The Arch of U.S. Government Spending


Monday April 24th, 2017   •   Posted by Craig Eyermann at 6:28am PDT   •  

One of the great difficulties of trying to describe the sheer amount of money that the U.S. government processes each year is that the numbers are so large that they lose all sense of human proportions.

The Manhattan Institute’s Brian Riedl took on the challenge for the amount of money that the U.S. government will either spend, tax, or borrow during 2017, breaking these categories down into their basic components by expressing them in terms of the average U.S. household.

Unfortunately, those numbers and how they fit together can still be pretty hard to visualize, which presents a new challenge—one which I hope the following chart showing the “arch” of U.S. government spending, taxes and borrowing communicates. (Please click the chart to open a larger version of it!)

Why show this data in the form of an arch? In order for the U.S. government to sustain its spending, it has to be supported by a combination of the income, payroll, and excise taxes along with the fees and other non-tax revenues it collects. If those taxes fall short of supporting the column of spending, that gap has to be made up with debt; the U.S. government must borrow so that it can spend as much as elected politicians and federal government employees choose.

Visually, an arch makes that connection. But perhaps just as importantly, its spending leg reveals the major components of how the U.S. government spends the money it obtained through imposing taxes or borrowing.

In the chart above, we’ve organized the spending leg from the largest expenditure category to the smallest, so that looking from the bottom of the arch to the top makes it easy to see where most of the U.S. government’s spending goes. Those spending programs include Social Security, Medicare, anti-poverty programs (which predominantly means low-income health insurance programs like Medicaid and the Affordable Care Act, but also includes nutrition and housing assistance programs), defense spending, net interest payments on the national debt, veterans benefits, federal government employee retirement benefits, education, and, finally, a large number of smaller government programs and agencies whose spending has been grouped together.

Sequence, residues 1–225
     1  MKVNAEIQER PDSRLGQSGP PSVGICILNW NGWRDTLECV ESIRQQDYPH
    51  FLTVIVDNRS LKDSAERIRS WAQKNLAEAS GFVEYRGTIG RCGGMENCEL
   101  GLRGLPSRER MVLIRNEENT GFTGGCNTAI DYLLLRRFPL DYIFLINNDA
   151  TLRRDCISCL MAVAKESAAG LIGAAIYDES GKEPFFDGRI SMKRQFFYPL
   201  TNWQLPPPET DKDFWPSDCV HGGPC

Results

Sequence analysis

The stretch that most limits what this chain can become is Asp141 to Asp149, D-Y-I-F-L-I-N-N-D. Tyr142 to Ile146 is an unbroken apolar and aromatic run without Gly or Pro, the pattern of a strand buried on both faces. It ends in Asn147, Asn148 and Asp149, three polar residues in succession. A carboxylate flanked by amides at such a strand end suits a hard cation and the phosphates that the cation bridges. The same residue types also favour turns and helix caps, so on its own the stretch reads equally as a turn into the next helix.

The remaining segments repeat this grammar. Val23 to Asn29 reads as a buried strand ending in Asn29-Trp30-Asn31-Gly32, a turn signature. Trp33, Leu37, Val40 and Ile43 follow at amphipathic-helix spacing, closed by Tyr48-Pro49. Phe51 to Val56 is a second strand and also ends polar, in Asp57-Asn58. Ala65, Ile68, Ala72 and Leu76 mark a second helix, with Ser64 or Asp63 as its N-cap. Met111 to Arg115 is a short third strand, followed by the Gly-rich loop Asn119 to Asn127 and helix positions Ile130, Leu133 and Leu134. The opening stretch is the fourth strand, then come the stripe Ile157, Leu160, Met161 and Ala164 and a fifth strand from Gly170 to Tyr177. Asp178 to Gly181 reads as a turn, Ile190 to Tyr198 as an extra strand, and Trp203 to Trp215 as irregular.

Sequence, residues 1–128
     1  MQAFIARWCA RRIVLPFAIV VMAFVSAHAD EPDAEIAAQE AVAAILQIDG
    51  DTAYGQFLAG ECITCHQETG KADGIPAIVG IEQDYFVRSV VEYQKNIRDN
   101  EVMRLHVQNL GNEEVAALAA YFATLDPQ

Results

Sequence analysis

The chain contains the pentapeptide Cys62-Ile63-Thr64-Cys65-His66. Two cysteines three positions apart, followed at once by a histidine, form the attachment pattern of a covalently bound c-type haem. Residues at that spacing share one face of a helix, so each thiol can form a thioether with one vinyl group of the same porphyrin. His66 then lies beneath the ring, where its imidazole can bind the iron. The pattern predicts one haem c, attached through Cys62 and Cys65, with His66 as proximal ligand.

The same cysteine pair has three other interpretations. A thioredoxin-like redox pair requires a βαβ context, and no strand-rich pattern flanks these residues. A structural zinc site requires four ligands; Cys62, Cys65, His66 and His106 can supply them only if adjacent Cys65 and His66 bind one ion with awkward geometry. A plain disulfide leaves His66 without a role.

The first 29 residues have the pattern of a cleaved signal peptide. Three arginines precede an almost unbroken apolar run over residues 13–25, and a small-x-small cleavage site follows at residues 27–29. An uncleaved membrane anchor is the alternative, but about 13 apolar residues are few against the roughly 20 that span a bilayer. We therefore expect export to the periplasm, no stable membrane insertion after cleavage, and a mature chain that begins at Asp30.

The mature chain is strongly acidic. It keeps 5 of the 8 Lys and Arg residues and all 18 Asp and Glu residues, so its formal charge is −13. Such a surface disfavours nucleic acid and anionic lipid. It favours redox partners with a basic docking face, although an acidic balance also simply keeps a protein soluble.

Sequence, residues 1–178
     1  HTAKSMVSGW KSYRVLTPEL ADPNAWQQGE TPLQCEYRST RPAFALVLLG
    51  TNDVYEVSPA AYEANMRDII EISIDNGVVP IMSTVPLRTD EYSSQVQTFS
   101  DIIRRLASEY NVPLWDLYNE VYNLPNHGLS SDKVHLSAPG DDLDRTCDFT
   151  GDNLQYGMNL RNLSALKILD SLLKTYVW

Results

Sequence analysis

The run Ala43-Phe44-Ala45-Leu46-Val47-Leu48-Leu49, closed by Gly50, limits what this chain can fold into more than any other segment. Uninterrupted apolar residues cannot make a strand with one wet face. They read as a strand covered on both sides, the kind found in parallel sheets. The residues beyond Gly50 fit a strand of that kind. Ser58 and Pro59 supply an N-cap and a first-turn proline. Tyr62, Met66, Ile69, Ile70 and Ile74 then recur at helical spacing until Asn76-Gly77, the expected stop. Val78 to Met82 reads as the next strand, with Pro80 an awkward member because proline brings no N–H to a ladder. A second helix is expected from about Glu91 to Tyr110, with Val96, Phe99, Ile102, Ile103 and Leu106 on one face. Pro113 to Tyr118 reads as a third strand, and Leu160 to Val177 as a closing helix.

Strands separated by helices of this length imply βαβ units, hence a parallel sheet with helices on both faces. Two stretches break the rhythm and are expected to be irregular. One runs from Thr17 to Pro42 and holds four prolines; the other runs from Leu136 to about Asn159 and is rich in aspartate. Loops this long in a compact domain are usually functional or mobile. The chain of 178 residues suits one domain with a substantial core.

The arch of U.S. government spending also provides a visual indication of how much of that spending has to be supported by borrowing, which provides a gateway into thinking about how the amount of spending would have to be changed so that it could be supported without borrowing or without adding to the burden of taxes. Do you nibble at the top, where most of the U.S. government’s smaller discretionary spending programs are positioned? Or do you preserve those and reduce the size of the bigger “mandatory” expenditure portions of the spending leg? Or do you not touch the spending leg at all and choose to increase the burden of taxes and/or borrowing?

At various times in U.S. history, elected politicians have chosen to do each of these things. Sometimes simultaneously.

The arch format can provide a lot more insight than you would ever get from a more typical bar chart presentation of this kind of data, much like what the U.S. Treasury Department regularly features on the covers of its monthly treasury statements.

I admit that I may be a bit biased, in that I grew up in St. Louis and am probably predisposed to appreciate the aesthetics of the arch, but when a simple visual element can communicate such a wealth of information, it’s hard not to take notice, and you don’t have to be from the Show Me State to see it!




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